But in today’s quick-to-judge world of sports fans and critics, if a big name quarterback is part of a team that fails to win, most of the blame falls upon him. People in current American society are lazy thinkers, harsh critics, and quick to judge. The experienced player will never say that “Peyton Manning sucks,” yet millions of drunk white trash men and women who have never played a snap of football for a real team will. It’s sad, it’s wrong, but it’s also inevitable.

Peyton will face his biggest challenge of the year against the Seahawks, who this year carry the fourth best ranked defense in NFL history. While the Broncos scored on nearly every drive against the Patriots this past weekend, they settled for many field goals in the red zone. Against Seattle, Manning will be held responsible for finding a way to finish those drives with touchdowns. If he does not, he could see his entire reputation, albeit in the eyes of ignorant fools, be once again questioned and ridiculed, quite possibly until he either wins another ring, or forever.

Image property of ESPN

Image property of ESPN

Steelers Almost Pull Off Miracle Victory… Almost

Today, the Pittsburgh Steelers came inches of sideline away from pulling off one of the greatest plays in NFL history, one that could have even saved the Steelers season given an unlikely scenario of losses by other AFC teams.

Trailing 34-28 on the final play of the game against the Miami Dolphins, the Steelers pulled the ol’ lateral frenzy trick and actually managed to eventually get the ball into speedy wide receiver Antonio Brown’s hands as he raced down the sideline for what appeared to be the unprobable winning touchdown. But with about a yard of space between him and the nearest defender, Brown got a little too close to the sideline and stepped out of bounds about 13 yards before the end zone.

Image property of the NFL.

Image property of the NFL.

What could have been one of the greatest plays in Steelers history will now be a tale that will repeatedly bring cringes to the faces of Pittsburgh fans for years to come.

Click here for a link to the video from the official Steelers website:

Steelers vs Dolphins: The Final Play

‘NFL Films Presents’: Indianapolis Colts Owner Jim Irsay’s Life


Known in recent years for his wild, brash, and sometimes controversial but always entertaining Twitter posts, Jim Irsay is more than just a crazy old privileged man behind a computer. In fact, most of what makes Irsay tick may be closer to the serious side of life, which may help explain his desire to have fun and be “out there” when given the opportunity. Here, courtesy of and NFL Network, Jim talks about growing up and his connection to the NFL and his players.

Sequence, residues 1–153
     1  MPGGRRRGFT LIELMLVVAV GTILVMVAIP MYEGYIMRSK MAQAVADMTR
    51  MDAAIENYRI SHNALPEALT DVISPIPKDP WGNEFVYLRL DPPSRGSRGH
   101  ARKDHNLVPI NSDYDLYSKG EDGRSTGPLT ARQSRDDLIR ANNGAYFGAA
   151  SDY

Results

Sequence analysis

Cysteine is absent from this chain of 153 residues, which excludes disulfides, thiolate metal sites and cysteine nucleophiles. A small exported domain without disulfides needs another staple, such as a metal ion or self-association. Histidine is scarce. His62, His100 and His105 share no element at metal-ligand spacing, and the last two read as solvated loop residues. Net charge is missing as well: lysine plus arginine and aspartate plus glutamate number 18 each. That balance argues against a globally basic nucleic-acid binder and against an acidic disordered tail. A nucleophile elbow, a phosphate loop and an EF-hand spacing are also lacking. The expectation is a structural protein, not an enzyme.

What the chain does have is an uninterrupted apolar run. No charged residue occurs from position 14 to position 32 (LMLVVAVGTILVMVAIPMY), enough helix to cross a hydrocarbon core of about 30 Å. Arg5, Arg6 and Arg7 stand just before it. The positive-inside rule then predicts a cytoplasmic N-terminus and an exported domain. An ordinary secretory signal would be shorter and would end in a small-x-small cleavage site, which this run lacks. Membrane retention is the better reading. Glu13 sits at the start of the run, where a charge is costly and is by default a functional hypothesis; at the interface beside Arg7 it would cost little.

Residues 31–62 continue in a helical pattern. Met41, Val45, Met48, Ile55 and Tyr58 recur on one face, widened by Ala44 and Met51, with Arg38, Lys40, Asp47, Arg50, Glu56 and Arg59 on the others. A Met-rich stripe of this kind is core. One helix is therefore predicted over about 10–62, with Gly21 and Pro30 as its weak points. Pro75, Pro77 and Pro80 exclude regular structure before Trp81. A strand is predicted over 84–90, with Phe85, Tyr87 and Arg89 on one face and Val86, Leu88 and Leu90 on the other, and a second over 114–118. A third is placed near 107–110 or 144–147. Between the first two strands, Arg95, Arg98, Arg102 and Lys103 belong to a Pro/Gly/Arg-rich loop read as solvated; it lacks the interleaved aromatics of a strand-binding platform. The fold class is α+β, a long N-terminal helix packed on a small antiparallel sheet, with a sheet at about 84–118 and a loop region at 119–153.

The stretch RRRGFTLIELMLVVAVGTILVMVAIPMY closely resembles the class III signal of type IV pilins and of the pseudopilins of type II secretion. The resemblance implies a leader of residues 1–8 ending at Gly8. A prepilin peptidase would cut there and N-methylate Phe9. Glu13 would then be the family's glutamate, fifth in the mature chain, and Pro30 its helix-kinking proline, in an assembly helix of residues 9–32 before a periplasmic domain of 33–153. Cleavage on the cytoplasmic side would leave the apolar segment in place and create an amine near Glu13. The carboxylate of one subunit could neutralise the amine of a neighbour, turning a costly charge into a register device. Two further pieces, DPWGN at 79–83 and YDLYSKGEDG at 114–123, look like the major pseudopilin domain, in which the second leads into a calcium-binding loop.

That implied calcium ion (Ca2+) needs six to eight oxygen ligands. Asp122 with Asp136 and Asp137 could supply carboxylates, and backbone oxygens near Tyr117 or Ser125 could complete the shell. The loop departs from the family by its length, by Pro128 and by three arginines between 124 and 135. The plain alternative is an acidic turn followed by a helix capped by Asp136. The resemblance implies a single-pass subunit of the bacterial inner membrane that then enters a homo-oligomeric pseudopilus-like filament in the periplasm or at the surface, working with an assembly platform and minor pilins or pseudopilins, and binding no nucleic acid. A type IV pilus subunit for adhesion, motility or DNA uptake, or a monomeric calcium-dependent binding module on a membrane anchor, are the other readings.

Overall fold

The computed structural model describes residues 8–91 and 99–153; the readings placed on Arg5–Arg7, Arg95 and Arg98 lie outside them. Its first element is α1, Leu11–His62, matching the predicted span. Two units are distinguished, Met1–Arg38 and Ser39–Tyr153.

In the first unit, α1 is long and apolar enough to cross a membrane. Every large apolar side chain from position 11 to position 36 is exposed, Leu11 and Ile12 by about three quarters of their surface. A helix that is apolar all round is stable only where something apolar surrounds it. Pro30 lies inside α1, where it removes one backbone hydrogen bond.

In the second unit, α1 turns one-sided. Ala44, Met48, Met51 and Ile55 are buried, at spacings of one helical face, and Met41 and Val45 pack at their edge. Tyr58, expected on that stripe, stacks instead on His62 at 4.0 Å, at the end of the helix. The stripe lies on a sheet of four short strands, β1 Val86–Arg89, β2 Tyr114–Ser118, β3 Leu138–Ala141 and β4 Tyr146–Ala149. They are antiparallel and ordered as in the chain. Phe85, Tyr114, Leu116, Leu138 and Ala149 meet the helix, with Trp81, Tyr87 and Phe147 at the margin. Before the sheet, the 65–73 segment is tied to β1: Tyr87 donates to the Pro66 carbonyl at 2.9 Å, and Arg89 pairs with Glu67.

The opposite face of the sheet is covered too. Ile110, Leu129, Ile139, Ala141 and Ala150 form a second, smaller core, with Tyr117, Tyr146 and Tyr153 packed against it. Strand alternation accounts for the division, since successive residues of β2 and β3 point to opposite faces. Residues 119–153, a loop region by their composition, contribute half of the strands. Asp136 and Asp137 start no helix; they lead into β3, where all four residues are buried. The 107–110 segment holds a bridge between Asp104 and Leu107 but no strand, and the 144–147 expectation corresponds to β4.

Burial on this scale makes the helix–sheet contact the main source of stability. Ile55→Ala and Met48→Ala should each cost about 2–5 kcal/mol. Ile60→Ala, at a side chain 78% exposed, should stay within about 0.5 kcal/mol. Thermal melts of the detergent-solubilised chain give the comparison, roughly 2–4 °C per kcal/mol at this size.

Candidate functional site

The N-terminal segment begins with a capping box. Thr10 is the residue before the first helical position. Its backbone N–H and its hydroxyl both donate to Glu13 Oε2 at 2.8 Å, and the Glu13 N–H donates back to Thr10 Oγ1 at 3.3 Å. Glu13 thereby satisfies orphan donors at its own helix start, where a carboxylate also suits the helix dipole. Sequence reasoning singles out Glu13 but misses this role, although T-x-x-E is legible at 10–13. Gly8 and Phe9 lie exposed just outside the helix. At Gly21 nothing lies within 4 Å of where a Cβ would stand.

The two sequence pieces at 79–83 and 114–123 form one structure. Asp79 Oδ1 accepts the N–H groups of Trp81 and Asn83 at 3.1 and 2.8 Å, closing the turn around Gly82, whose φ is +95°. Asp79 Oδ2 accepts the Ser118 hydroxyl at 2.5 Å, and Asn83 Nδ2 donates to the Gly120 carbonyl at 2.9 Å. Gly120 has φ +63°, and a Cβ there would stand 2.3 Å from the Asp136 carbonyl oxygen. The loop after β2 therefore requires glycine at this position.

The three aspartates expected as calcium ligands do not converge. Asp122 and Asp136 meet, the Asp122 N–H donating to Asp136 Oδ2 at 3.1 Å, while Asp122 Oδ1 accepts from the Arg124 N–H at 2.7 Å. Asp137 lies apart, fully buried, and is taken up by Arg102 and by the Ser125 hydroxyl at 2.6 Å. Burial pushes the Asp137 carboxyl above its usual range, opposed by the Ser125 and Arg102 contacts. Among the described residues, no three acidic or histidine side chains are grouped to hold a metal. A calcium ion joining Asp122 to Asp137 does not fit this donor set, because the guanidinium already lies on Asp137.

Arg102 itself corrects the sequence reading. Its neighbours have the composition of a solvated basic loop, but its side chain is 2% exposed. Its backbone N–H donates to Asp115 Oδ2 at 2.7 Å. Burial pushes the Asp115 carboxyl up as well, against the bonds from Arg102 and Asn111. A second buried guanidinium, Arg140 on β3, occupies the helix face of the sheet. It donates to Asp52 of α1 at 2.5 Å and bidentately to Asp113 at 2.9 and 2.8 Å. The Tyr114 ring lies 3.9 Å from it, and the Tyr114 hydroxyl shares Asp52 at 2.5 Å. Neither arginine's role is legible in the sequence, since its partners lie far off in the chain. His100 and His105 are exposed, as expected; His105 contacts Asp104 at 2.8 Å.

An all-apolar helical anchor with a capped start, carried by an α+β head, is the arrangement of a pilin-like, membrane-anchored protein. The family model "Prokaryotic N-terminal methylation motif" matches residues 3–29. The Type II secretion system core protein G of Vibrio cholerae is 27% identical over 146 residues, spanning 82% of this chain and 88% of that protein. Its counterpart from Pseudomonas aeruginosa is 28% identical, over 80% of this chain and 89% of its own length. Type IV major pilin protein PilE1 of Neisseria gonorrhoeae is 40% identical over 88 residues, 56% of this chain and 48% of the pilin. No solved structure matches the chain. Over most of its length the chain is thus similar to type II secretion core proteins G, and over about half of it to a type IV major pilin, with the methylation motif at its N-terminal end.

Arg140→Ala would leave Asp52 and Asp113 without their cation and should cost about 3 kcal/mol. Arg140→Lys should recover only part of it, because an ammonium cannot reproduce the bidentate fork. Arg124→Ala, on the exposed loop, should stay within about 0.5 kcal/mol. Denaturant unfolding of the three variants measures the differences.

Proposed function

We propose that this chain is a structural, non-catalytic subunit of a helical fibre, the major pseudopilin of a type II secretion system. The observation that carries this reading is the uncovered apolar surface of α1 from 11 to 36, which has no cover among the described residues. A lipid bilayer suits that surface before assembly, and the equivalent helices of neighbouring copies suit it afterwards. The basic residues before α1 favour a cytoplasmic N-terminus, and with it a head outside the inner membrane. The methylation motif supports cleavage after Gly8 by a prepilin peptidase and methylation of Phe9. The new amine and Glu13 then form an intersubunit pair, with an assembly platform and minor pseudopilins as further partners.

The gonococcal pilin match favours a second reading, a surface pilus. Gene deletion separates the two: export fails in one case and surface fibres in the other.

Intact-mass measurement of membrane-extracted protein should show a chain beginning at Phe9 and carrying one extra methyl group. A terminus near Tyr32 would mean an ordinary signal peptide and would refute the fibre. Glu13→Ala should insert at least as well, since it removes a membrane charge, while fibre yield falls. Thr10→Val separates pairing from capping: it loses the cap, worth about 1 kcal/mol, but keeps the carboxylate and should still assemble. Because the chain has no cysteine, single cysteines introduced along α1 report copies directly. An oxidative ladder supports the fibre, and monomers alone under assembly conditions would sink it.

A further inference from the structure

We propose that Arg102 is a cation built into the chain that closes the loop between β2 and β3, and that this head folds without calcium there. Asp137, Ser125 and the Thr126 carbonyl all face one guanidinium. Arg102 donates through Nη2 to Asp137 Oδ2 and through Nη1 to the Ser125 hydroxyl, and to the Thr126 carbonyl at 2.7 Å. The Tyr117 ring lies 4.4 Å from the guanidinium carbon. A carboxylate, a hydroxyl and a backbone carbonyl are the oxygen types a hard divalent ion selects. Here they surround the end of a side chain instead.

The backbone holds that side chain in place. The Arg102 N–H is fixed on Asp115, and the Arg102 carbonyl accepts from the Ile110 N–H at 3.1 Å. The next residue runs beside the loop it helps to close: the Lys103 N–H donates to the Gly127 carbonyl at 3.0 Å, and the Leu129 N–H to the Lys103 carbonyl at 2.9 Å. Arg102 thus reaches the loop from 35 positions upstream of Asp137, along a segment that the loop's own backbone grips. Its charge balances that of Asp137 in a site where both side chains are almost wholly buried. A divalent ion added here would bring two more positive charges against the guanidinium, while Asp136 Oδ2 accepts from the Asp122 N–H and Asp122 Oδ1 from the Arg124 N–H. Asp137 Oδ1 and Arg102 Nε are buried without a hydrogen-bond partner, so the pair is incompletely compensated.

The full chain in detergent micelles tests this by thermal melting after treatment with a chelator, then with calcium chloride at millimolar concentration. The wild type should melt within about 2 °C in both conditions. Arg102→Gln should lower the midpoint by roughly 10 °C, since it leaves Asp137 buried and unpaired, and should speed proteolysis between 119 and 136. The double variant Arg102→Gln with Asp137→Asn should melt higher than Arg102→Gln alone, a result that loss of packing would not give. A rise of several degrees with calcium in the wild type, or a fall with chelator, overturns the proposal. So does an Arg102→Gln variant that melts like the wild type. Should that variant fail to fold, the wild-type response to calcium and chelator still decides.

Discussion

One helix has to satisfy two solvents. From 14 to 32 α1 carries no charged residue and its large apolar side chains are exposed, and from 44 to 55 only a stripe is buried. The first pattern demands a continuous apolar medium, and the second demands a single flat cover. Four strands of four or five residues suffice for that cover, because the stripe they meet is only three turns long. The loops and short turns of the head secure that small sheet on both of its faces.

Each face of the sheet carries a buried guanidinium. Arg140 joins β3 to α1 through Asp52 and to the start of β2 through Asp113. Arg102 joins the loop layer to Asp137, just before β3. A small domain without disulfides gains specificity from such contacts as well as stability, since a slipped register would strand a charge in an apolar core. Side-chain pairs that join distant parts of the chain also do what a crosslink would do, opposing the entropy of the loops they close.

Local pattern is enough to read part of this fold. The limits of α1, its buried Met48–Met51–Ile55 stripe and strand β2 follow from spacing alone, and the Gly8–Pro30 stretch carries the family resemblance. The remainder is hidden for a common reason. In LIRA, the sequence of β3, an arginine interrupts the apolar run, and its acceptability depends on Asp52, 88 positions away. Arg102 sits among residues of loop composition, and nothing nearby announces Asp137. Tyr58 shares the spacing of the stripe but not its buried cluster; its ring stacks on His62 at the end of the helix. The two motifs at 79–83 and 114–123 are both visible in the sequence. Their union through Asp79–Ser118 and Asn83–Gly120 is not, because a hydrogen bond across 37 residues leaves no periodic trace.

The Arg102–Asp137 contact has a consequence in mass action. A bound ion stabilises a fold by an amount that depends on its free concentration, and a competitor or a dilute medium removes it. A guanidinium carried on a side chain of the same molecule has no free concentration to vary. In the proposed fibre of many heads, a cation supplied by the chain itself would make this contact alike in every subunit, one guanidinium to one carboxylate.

‘NFL Films Presents’: Indianapolis Colts Owner Jim Irsay’s Life

Who TF Are The Indianapolis Colts?

As a die hard Colts fan, I hadn’t expected much out of my team last year. Even though Head Coach Chuck Pagano had stressed to the 2012 team to not use or even think of the term “rebuilding,” the plain and simple fact is that the team had more reconstruction over the previous off-season than Michael Jackson’s nose. Still, that team managed to go 11-5 and make the playoffs, all while Andrew Luck was able to break to single season rookie passing record.

Over the off-season going into 2013, the Colts added players like LaRon Landry, Ricky Jean-Francois, Ahmad Bradshaw, and Darrius Heyward-Bey, household NFL names that were supposed to elevate the Colts to an even higher place among the NFL’s elite.

What happened was that while Landry has carried his load on defense this year,  the other big free agents have been busts. Bradshaw got injured 3 games into the season. Heyward-Bey has hands made of stone and has only caught 26 receptions through 12 weeks for a mere 263 yards and one touchdown. And Jean-Francois does this type of embarrassing crap for getting his first sack of the season when his team is losing by 21 points:

Image property of Holdout Sports.

Image property of Holdout Sports.

It also doesn’t help that within the first game of the season, the Colts lost tight end Dwayne Allen and starting running back Vick Ballard, two of the most important components of their offense from 2012. In fact, in the one game that they did play in 2013, Allen’s only reception was good for a 20 yard touchdown and Vick Ballard had 63 yards rushing on 13 attempts without even playing the whole game.